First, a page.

The table below outlines what we assess as an estimated reasonable amount of time for this work to be done within the budget available and is subject to change in negotiation with the consultant(s)/ researcher(s). This work must be completed by April 2021. Penalties will be incurred for delays
Activity Days of work (estimate) Month (tentative)
Inception 5 days December 2020
Ethical approval 1 day December 2020
Desk review of external evidence 15 days January 2021
Methodology Design and Tool Design 10 days January 2021
Preparation meetings with country teams 5 days January- Feb 2021
Country data collection 15 days (including in country travel) Feb – 2020
Final report draft (allowing for three rounds of comments) 10 days Feb – March 2021
Development and submission of journal article for publishing 5 days March – April 2021
*These days can be discussed with the successful candidate and are adjustable across the different tasks.

The consultant(s)/ researcher(s) shall lead the field data gathering and is expected to propose a budget that covers all related costs for the study including taxes.
Given the COVID-19 travel restrictions there will be no international travel in conducting this research. The consultant(s) / researcher (s) are advised to devise remote methods of working including having in-country contact(s) in research targeted countries who can travel locally to engage in physical data gathering where this might be possible.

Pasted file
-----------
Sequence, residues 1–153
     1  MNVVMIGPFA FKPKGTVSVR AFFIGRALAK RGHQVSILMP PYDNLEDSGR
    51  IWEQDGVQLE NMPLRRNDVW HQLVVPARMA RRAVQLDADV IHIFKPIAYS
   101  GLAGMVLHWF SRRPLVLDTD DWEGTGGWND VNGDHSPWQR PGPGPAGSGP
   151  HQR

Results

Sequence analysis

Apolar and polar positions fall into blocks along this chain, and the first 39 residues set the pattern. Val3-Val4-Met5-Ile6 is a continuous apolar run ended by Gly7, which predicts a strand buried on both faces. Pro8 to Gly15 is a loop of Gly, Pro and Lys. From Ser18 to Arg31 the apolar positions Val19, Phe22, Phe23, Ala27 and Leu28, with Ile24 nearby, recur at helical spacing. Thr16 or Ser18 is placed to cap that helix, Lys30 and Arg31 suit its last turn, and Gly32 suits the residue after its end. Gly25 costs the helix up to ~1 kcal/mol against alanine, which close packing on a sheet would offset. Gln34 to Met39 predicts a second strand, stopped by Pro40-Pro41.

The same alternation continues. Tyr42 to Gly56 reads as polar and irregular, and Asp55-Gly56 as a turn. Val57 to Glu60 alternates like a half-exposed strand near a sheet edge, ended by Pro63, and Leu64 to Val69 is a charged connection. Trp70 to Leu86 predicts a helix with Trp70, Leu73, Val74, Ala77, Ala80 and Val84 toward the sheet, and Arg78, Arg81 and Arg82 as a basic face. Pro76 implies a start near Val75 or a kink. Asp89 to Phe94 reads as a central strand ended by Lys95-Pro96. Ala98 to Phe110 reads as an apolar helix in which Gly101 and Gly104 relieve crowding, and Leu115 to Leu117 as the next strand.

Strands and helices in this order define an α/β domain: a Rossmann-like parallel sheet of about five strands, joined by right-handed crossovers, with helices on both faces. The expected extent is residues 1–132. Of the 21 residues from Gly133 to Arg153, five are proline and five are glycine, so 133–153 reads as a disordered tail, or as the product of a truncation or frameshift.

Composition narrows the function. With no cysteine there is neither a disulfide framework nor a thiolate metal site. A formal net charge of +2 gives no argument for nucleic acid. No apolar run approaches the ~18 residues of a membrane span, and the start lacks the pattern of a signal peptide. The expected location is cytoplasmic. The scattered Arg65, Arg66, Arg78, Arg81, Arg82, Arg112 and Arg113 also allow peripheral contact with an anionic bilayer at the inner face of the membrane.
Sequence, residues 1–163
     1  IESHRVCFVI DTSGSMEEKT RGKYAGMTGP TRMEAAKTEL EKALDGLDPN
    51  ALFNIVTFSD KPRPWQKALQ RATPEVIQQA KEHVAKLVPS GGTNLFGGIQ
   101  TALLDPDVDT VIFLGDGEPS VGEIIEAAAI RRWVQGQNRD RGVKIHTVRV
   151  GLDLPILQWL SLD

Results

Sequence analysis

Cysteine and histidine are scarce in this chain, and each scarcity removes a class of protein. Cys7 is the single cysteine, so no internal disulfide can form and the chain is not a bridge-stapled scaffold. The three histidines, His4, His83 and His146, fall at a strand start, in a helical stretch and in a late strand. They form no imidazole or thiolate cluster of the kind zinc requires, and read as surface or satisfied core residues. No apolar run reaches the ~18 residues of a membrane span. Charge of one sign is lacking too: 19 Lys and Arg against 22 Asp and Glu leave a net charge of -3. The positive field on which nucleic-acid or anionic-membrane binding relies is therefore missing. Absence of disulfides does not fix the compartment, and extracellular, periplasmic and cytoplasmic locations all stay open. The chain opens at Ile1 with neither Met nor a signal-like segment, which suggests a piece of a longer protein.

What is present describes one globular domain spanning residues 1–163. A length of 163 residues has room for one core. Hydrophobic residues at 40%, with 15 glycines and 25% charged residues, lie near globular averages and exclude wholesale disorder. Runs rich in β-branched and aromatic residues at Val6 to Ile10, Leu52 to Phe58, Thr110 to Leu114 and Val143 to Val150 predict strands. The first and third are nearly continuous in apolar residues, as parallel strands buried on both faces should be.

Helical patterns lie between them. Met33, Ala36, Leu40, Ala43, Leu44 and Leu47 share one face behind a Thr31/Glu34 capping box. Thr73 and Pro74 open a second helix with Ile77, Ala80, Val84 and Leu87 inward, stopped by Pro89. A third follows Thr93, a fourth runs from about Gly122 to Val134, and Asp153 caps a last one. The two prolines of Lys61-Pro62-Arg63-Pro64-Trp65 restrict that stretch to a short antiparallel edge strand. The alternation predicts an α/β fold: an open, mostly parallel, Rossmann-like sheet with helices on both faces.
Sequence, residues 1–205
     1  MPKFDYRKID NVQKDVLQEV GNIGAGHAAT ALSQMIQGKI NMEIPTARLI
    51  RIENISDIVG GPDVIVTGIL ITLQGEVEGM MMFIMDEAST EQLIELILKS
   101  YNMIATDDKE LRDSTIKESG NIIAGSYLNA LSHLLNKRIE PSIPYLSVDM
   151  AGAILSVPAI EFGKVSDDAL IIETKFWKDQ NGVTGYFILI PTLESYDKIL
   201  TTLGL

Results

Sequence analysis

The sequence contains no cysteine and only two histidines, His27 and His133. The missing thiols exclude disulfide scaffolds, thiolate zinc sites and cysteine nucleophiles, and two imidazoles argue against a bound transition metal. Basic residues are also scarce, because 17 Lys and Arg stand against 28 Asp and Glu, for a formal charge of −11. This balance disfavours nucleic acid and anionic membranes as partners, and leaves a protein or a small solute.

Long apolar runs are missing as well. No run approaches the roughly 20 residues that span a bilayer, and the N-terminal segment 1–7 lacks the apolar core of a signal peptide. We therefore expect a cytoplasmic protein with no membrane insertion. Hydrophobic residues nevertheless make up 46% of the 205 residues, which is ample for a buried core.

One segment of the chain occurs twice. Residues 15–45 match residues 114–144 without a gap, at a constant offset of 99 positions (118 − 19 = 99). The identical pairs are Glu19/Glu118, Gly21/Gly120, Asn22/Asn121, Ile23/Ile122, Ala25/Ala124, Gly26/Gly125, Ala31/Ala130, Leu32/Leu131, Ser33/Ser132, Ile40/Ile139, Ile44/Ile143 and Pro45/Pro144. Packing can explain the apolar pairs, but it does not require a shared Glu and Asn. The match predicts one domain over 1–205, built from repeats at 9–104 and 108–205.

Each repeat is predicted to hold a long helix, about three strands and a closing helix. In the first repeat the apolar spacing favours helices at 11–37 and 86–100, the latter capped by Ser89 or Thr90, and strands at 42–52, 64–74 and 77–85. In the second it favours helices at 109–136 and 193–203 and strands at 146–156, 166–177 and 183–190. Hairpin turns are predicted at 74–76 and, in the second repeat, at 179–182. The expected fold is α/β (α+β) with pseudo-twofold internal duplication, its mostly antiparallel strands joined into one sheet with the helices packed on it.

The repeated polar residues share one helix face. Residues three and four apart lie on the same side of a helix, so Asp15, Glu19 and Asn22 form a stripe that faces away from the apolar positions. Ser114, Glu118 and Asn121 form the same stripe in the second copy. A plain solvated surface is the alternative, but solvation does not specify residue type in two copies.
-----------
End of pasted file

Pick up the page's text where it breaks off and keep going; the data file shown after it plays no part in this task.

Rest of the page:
Plan International will support the consultant(s)/researcher(s) in making appointments with research participants during data collection.

a) Post graduate degree or PhD preferably in Social Sciences, Gender Studies Development Studies, must have extensive experience in research
b) Strong experience in carrying out research in the area of ending child marriage, children’s rights including in Adolescent Sexual Reproductive Health Rights (ASRHR) issues.
c) Strong technical knowledge and practical field experience in gender equality, social norm change, including in children’s rights and gender transformation approaches.
d) Strong grasp of current thinking and approaches within the development sector with respect to gender-sensitive, gender-responsive and gender-transformative approaches.
e) Experience of rights-based approaches for inclusive programming and influencing
f) Experience in qualitative data collection and participatory research methods
g) Proven experience of working on multi-country evaluations and/or research
h) Excellent verbal and written communications skills in English, French and Portuguese.
9. Applications

All applicants should provide a proposal covering the following aspects:

  • Detailed response to the TOR
  • Proposed methodology
  • Ethics and child safeguarding approaches, including any identified risks and associated mitigation strategies
  • Proposed timelines
  • CVs
  • Example of previous work
  • Detailed budget, including daily fee rates, expenses, etc.
  • Police Certificates of Good Conduct – especially where there is primary data collection

Please send your applications to [email protected] cc:[email protected] by 30th November 2020. Only those who meet the requirements will be contacted. The assignment will be managed by the 18+ Centre of Excellence on Ending Child Marriage in Middle East, Eastern and Southern Africa located in Lusaka Zambia together with a research reference group that will be constituted at a later stage.

To apply for this job email your details to